Selecting Difference Makers - A How To Guide

It’s no secret that a major driver of corporate success is putting the right person in the right role the first time. In fact, statistics from the Harvard Business Review and other leading human resources thought leaders indicate that as much as 60%-85% of the retention problems many companies face are directly related to defects in the hiring process. Serving as recruiters and search firms for our clients, it’s our job to help them reverse this trend. Recruiters and search firms in high tech markets are under enormous pressure to deliver more qualified candidates to their clients. We need to help hiring authorities in high touch, high tech markets benchmark the role; that is, to develop a complete understanding of the job itself, and the skills, experience, traits, values and motivations necessary for success. Once complete, we can then deliver a systematic process for behavioral interviewing and talent selection to help them identify, select, on board and retain true difference makers. As true consultants to our clients, this is where we can really ad value.

What is a difference maker?

A difference maker is someone who is willing and able to fill all aspects of the role with confidence, one who consistently delivers on objectives, and who leads her team to peak performance. You’ve interviewed them before, but perhaps a client has passed on them. In many cases a difference maker shakes things up, brings forth change, demands results and at times, is not the most popular person on the team. They hit their targets, and inspire their teams to do the same.

Difference makers are motivated. Difference makers tell the truth, they don’t cover up mistakes, and they are completely accountable for what works and what doesn’t. They take responsibility. Proactive, solution-oriented leaders, difference makers take action. Their values align with those of the organization, and these values drive day to day behaviors that pursue excellence. We need to help clients learn how to uncover these traits in the candidates we send to them.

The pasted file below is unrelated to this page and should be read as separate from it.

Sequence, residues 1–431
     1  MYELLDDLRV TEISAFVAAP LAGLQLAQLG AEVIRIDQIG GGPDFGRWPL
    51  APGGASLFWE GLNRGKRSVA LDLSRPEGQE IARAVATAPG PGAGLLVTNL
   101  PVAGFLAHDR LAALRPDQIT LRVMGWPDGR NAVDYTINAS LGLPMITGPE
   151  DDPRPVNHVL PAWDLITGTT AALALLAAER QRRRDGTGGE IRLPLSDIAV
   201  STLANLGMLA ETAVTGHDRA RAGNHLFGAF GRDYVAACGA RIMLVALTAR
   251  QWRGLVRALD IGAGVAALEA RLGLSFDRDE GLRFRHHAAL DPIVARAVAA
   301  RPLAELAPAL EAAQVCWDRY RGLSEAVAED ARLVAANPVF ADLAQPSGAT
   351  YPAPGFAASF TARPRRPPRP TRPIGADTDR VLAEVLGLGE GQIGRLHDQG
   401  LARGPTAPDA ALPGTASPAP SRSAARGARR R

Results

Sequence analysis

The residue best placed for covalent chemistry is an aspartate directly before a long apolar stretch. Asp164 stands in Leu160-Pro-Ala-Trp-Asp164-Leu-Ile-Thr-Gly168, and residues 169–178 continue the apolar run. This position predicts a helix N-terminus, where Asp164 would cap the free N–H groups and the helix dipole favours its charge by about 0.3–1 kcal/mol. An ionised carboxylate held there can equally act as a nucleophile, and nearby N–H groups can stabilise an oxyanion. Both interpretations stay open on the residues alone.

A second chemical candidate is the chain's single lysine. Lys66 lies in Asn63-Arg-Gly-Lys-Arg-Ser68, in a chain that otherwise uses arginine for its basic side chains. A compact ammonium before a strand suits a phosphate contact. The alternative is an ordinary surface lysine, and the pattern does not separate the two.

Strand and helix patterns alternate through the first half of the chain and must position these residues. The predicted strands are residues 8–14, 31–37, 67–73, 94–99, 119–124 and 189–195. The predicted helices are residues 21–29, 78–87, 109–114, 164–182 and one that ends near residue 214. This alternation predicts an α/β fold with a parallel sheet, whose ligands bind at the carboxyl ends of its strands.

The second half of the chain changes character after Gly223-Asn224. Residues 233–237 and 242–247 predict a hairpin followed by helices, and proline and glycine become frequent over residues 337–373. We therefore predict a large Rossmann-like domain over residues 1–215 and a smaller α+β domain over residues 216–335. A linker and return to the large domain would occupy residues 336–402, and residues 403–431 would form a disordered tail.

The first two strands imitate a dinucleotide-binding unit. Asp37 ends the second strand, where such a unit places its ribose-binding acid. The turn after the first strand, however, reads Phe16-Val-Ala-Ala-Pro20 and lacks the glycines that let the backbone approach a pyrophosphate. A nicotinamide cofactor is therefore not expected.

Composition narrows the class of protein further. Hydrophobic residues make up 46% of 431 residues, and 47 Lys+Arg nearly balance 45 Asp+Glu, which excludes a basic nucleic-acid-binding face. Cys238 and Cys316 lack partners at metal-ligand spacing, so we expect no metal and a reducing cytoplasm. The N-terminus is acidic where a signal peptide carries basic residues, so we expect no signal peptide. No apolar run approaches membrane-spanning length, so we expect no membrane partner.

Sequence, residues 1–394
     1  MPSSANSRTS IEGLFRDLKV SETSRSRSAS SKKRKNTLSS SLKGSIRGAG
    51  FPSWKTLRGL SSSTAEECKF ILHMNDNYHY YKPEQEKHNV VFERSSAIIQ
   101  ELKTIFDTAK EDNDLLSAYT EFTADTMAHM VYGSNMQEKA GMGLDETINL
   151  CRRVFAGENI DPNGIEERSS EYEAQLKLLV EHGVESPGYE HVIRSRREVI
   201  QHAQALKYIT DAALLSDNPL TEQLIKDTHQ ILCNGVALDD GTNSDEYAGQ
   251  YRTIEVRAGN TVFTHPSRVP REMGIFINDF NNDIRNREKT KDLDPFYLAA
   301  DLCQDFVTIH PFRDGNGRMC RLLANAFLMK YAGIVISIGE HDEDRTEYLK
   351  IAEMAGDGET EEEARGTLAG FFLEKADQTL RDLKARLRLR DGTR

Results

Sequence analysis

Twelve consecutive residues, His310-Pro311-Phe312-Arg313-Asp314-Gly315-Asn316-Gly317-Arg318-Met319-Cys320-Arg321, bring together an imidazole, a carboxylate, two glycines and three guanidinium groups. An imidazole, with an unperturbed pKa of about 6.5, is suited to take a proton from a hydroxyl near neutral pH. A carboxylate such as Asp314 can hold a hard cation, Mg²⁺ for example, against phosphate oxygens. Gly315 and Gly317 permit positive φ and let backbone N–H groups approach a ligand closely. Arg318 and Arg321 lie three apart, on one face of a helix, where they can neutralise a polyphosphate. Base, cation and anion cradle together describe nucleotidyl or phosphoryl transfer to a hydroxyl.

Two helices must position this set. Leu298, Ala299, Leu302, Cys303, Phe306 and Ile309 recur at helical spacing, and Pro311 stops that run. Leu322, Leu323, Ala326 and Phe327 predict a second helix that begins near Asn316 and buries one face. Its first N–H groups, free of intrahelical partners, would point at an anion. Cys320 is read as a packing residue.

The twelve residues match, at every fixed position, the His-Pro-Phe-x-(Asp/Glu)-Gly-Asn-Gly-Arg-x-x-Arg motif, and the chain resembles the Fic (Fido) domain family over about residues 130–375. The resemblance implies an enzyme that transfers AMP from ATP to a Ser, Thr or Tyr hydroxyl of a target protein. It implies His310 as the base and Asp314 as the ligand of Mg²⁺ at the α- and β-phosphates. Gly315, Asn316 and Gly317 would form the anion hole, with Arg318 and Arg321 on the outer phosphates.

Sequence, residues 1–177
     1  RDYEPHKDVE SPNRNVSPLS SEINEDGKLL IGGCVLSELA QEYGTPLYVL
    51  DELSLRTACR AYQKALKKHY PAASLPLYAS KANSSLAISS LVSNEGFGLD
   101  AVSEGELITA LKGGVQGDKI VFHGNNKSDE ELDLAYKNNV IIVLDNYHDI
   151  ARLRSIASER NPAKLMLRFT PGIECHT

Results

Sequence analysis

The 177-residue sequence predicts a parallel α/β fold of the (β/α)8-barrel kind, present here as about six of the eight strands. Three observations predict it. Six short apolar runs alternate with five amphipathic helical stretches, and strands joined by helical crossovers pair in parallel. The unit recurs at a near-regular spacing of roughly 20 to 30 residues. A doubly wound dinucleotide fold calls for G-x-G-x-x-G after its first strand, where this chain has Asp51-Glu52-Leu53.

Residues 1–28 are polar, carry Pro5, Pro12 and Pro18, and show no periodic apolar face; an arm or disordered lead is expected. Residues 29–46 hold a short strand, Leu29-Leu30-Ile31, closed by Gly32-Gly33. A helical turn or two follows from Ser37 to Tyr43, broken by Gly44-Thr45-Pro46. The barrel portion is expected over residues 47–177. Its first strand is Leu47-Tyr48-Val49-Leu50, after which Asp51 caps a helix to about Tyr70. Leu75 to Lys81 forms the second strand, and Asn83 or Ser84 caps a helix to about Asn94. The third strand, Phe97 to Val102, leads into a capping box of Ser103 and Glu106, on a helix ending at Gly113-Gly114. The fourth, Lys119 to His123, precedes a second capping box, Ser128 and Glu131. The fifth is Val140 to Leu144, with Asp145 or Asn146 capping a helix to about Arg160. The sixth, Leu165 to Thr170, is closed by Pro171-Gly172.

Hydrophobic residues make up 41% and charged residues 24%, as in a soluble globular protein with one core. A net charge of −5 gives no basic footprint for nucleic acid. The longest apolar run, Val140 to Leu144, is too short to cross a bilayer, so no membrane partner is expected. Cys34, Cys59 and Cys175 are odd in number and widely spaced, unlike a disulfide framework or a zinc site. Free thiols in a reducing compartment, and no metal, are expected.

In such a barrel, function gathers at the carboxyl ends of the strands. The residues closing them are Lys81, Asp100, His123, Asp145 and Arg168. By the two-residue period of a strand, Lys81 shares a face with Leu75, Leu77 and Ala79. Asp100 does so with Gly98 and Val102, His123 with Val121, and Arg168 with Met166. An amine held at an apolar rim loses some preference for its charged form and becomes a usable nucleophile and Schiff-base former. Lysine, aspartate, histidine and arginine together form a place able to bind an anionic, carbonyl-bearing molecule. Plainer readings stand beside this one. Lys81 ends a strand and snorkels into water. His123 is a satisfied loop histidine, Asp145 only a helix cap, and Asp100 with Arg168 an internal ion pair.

Stop Sourcing, Start Selecting

In short, the mentality needs to change. We need to help clients understand that it’s not about getting 25 resumes from engineering, sales or leadership candidates. It’s about getting the right resumes and then separating the difference makers from the pretenders.

Helping Clients Find Their Next Difference Maker

In the war for talent, the challenges most organizations face are not limited simply to the unavailability of qualified people. Yes, as recruiters, we find it challenging to identify a qualified candidate pool. But in many cases, the hiring process is not set up to properly identify those that can truly make a difference. Focusing only on the skills and experience that our clients tell us they need, we run the risk of paying too little attention to values, motivations, habits, work styles, behaviors and cognitive abilities. These are often left for the interview to uncover and interpret, and this is where the process breaks down.

To become true consultants to the client, we must deliver a detailed approach to benchmarking the role and identifying the characteristics of likely top performers. Instead of just taking the order, before we should help the client answer some questions before opening that next job requisition, including:

1.What corporate objectives cannot be met without this difference maker?
2.What impact is this role expected to make on the organization in the next 3, 6, 9, and 12 months?
3.What values, motivations, skills, work styles and learning abilities will position the incumbent for success?

Once these and many other questions are answered, we’re in a much better position to help our clients employ a behavioral interviewing & selection process that identifies, engages, and developes difference makers with unprecedented success.

Views: 61

Comment by Donald L. "Skip" Conover on January 6, 2009 at 6:19pm
Thanks for bringing your views and this book to my attention! They're highly relevant to something I'm doing right now! Best regards, Skip


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